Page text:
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    Neal, great pics, thanks for posting them. That Eltang I could have picked from a line up. It is so him and his Danish roots. The flow, shape and the stain are dead giveaways.

    Here is an American artisan named Jerry Crawford. His take on the Danish Egg is this pipe and the price is of course a lot different than the Eltang( if it is a Snail grade it is around 1500.00)
    https://www.blueroombriars.com/collections/crawford-pipes/products/jerry-crawford-pipe-smooth-danish-egg

    Posted 3 days ago #
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    mau1

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    My contribution...

    Posted 3 days ago #
  16. dmcmtk

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    From the Early Danish Modern,

    more here,

    http://pipesmagazine.com/forums/topic/larsen-handicraft-de-luxe

    and,

    see,

    http://pipesmagazine.com/forums/topic/larsen-copenhagen-special

    and,

    I could go on, and on, and...

    Posted 3 days ago #
  17. dmcmtk

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    And since I also mentioned Celius,


    Posted 3 days ago #
  18. cigrmaster

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    mau and dc, great picks guys. Here is a lousy pic of a great pipe. It is one of only a couple I wish I had never sold.
    It is a Former and had incredible straight grain.

    Posted 3 days ago #
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    mau1

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    Those are beautiful pipes, guys.

    Posted 3 days ago #
  20. dmcmtk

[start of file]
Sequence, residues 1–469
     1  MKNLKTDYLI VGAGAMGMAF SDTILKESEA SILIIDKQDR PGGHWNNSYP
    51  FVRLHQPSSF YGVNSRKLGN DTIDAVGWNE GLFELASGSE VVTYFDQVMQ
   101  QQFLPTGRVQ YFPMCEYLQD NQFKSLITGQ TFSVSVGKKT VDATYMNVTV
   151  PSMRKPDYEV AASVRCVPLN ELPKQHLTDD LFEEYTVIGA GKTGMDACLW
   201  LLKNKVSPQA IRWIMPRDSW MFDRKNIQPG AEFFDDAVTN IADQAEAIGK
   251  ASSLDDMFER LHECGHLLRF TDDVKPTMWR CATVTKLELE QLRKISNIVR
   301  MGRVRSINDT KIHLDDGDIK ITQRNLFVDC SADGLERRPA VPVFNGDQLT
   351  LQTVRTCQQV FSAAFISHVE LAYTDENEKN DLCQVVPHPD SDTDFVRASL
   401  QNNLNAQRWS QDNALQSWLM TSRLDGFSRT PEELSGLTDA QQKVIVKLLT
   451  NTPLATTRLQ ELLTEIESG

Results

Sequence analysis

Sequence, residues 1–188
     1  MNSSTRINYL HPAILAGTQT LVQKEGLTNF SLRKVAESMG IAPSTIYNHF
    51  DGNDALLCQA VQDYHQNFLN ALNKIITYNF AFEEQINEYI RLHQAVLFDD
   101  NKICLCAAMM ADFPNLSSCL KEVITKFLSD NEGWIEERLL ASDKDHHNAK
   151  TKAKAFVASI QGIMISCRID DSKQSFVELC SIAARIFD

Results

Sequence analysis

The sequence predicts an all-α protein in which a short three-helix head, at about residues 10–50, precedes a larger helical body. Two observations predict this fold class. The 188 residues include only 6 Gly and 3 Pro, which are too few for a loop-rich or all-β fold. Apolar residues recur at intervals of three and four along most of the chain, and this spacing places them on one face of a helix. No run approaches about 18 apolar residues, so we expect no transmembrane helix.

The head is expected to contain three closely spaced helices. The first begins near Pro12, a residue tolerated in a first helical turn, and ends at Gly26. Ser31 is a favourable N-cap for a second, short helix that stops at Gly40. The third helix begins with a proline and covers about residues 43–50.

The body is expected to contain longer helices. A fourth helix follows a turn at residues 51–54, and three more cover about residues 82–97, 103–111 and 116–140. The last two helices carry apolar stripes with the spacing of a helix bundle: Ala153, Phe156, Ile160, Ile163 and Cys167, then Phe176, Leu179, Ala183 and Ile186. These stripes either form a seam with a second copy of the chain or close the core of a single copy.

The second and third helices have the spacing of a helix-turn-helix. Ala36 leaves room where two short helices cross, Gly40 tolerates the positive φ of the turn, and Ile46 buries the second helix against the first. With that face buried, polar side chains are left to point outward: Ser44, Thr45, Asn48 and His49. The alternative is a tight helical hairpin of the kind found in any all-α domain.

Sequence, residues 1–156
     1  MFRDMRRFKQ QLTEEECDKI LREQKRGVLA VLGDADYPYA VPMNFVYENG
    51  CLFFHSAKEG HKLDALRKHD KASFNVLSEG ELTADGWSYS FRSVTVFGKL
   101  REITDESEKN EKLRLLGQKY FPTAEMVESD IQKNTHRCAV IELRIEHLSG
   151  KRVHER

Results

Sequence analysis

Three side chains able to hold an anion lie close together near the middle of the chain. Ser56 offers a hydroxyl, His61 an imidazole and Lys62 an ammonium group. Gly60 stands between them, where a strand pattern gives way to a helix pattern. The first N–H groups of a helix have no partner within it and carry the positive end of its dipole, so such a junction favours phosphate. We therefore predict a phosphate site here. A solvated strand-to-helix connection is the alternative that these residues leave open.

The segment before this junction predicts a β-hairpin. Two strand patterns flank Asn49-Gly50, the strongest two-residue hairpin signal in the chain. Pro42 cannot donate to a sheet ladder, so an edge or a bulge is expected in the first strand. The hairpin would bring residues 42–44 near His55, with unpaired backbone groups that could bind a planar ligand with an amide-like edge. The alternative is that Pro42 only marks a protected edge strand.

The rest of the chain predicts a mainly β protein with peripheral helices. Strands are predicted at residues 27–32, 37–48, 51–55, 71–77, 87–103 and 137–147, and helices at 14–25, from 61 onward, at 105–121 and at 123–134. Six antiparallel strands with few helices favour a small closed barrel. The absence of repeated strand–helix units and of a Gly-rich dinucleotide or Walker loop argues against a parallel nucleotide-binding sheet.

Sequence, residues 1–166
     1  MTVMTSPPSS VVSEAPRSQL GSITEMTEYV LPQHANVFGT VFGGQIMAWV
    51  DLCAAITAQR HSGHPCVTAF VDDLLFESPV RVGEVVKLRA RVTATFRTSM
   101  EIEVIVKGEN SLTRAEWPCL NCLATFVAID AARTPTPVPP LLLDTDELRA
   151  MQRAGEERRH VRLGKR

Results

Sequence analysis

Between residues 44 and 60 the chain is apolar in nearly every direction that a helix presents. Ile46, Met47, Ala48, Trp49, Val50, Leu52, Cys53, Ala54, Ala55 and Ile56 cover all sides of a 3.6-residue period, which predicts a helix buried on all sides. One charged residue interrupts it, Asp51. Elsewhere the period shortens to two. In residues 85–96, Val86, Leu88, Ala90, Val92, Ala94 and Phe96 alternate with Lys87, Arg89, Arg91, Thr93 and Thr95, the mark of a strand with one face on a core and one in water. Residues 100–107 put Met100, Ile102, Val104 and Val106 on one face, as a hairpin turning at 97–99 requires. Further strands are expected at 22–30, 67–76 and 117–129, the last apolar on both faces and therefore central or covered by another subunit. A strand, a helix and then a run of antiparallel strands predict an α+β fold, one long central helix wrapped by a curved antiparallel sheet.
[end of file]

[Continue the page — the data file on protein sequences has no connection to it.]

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    What came next is what I would call the "Fancy Freehand" period, just look at pipes by Preben Holm etc. Even Holm's pipes in the early ~ mid 1960's were rooted in the shaping of the "Early Danish Modern".

    Two early (early ~ mid '60's) Preben Holm stummels to illustrate my point,


    and some later Preben Holm "Fancy Freehands",

    Posted 3 days ago #
  21. fusion

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    I odered my first Danish pipe just today, a Neerup

    Posted 3 days ago #
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    mau1

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    I couldn't resist posting another pic...Preben Holm. I call this one "A Whale of a Tail".

    Posted 3 days ago #
  23. georged

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    The second post in this thread should be made a sticky, I think.

    (I don't know how that creature even types, never mind comes up with succinct, articulate thoughts, but there you go. Some things ya just gotta accept.)

    .

    Dogs live such short lives... and spend most it waiting for us to come home
    Posted 2 days ago #
  24. sasquatch

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    Ha. You know me George, I put a LOT of thought into this stuff, and the resulting distillate is sometimes worthwhile - sometimes not!

    But of course, you read it knowing that stuff, and having ideas about it in your head which line up very well with the ones in mine, so you read it and think "EXACTLY!" but I think this stuff is hard to come to grips with, it was for me.